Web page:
There may be enough oxygen in the waters of Jupiter's moon Europato support millions of tons worth of fish, according to a new study. And whilenobody is suggesting there might actually be fish on Europa, this findingsuggests the Jovian satellite could be capable of supporting the kinds of lifefamiliar to us here on Earth, if only in microbial form.
Europa, which is roughly the size of Earth's moon, is enveloped bya global ocean about 100 miles deep (160 km), with an icy crust that may beonly a few miles thick. From what we know of Earth, where there is water, thereis a chance at life, so for many years scientists have speculated that thisJovian moon could support extraterrestrials.
As we learned more about Jupiter?s effect on its moons, thepossibility for life on Europagrew even more likely. Studies showed the moon could have enough oxygen tosupport the kind of life we are most familiar with on Earth.
The ice on the surface, like all water, is made from hydrogen andoxygen, and the constant stream of radiation pouring in from Jupiter reactswith this ice to form free oxygen and other oxidants such as hydrogen peroxide.The reactivity of oxygen is key to generating the energy that helped multi-cellularlife flourish on our planet.
Still, researchers had thought there was no effective method fordelivering any of this oxygen-rich matter into Europa's ocean. Scientists hadassumed the primary way for surface materials to migrate downward was from theimpacts it would suffer from cosmic debris, which regularly bombards everythingin our solar system. ?[Photosof Jupiter's moons.]
However, past calculations suggested that even after a few billionyears, such "impact gardening" would never lead to an oxygenatedlayer more than some 33 feet (10 meters) deep into the ice shell, nowhere farenough down to reach the underlying ocean.
However, the new study suggests this oxygen-rich layer could befar thicker than before thought, potentially encompassing the entire crust. Thekey is looking at other ways to stir Europa's crust, explained researcherRichard Greenberg, a planetary scientist at the University of Arizona's Lunar andPlanetary Laboratory at Tucson.
The gravitational pull Europa experiences from Jupiterleads to tidal forces roughly 1,000 times stronger than what Earth feels fromour moon, flexing and heating Europa and making it very active geologically.This could explain why its surface appears no older than 50 million years old ?its surface underwent complete turnover in that time.
A major resurfacing process on Europa seems to be the formation ofdouble ridges, which cover at least half of its surface. Tidal forces may becausing fresh ice from below ? probably newly frozen ocean water ? to pushupward and over the surface, where it would slowly get oxygenated.
As ridges pile on top of ridges, older material gets buried,shoving this oxygen-rich matter downward. After one or two billion years, thisprocess alone could spread oxidants throughout the entire crust, thus reachingthe ocean, Greenberg calculated.
Other mechanisms could help stir Europa'scrust also. Parts of the surface could partially melt from below, leadingrafts of ice to break loose and tumble around before they froze back in place.
Roughly 40 percent of Europa's crust appears to be covered withthe ensuing "chaotic terrain." Also, as matter comes up from belowand widens cracks, the nearby surface crumples, burying some material. Theseextra processes could help push some oxidants downward, but it would still takeat least two billion years or so before radiation loaded the entire crust withoxygen.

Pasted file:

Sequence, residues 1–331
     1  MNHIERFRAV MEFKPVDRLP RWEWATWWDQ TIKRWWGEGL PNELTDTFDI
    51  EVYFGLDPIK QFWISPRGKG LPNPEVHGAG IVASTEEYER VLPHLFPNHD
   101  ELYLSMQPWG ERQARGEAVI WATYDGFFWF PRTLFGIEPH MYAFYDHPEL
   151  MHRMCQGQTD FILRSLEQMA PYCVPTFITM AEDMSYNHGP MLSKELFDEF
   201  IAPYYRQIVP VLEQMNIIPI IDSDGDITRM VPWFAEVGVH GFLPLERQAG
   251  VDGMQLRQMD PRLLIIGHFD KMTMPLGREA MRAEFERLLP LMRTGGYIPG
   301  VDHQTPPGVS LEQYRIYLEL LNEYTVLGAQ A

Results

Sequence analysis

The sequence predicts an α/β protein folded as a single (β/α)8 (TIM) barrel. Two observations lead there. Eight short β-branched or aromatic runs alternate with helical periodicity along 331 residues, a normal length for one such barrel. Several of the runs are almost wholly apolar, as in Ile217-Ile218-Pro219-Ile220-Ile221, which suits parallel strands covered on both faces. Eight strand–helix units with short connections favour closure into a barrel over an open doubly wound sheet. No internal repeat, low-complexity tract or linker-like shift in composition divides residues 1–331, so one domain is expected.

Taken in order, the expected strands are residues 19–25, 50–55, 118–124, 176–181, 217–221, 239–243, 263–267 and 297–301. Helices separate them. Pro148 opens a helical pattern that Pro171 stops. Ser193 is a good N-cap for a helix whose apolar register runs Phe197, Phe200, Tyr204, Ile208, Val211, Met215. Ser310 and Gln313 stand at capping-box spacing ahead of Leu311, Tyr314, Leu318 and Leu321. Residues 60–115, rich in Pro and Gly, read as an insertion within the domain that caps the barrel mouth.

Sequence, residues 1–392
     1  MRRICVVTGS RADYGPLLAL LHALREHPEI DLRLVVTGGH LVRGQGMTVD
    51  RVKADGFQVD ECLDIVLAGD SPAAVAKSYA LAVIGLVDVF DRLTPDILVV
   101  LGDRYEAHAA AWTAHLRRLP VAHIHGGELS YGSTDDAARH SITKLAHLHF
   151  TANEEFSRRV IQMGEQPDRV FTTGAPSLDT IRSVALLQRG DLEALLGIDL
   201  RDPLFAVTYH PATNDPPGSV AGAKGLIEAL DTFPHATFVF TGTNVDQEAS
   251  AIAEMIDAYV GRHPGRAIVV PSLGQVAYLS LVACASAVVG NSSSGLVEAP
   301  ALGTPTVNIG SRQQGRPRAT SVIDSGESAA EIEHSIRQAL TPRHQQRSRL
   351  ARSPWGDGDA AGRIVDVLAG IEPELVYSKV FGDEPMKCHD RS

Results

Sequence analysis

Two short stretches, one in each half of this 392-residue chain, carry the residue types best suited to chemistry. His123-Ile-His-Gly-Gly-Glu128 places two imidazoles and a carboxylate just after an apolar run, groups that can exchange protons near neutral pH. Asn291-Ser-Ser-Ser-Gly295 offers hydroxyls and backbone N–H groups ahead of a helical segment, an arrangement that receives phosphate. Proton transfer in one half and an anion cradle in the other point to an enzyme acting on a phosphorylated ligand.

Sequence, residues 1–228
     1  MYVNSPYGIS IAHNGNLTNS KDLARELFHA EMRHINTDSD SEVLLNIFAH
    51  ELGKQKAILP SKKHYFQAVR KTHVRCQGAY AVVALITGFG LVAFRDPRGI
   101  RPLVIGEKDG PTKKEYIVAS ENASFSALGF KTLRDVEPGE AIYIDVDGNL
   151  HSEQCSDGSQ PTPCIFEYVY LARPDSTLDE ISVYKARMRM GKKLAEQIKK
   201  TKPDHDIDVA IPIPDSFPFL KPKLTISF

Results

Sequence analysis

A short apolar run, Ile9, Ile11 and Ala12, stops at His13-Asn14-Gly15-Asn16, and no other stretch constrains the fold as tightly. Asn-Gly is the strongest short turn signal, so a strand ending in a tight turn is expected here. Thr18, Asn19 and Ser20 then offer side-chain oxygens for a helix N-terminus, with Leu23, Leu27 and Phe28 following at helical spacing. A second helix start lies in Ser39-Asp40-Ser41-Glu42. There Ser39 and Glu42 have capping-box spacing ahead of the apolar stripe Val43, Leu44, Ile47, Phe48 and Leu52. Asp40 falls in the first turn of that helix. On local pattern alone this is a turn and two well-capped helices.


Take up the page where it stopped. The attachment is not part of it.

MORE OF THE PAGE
As ice on the base of this oxygenated crust melts, even with themost conservative assumptions, after only a half-million years oxidant levelsin the ocean would reach the minimum oxygen concentration seen in Earth'soceans, which on Earth is enough to support small crustaceans, Greenberg found.
In only 12 million years, oxidant concentrations would reach thesame saturation levels of Earth's oceans, enough to support our largest sealife.? Given the cold temperatures and high pressures likely seen in Europa'socean, it could actually take in more oxygen than Earth's oceans could beforeits water reached its saturation point.
"I was surprised at how much oxygen could get downthere," Greenberg said.
One concern about all this oxygen was that it might actually domore harm than good. The extraordinary reactivity of oxygen could in principledisrupt the chemical processes that are thought to lead to the origin of lifeand that may have been an aspect of early life.
On Earth, life had more than a billion years to evolve, beforeoxygen became plentiful in the atmosphere, and that delay gave organisms plentyof time to develop genetic mechanisms and physical structures that allowed themto use oxygen, instead of being destroyed by it.
The delay of 1 to 2 billion years before oxygen in Europa's crustmade its way into its ocean is roughly the same amount of time it took life onEarth to develop before oxygen became a problem, so life might have enough of arespite to develop on the Jovian moon. Assuming life on Europa respired atrates similar to fish on Earth, the continuous rate of oxygen delivery there couldsustain roughly 3 million metric tons of life, Greenberg said.
One might not have to wait for a probe to land on Europa to detectany oxygen there. "Spectroscopy done by telescopes on Earth or in orbitcan tell what substances are mixed into the ice," Greenberg said.
Greenberg detailed his findings May 6 in the journal Astrobiology.
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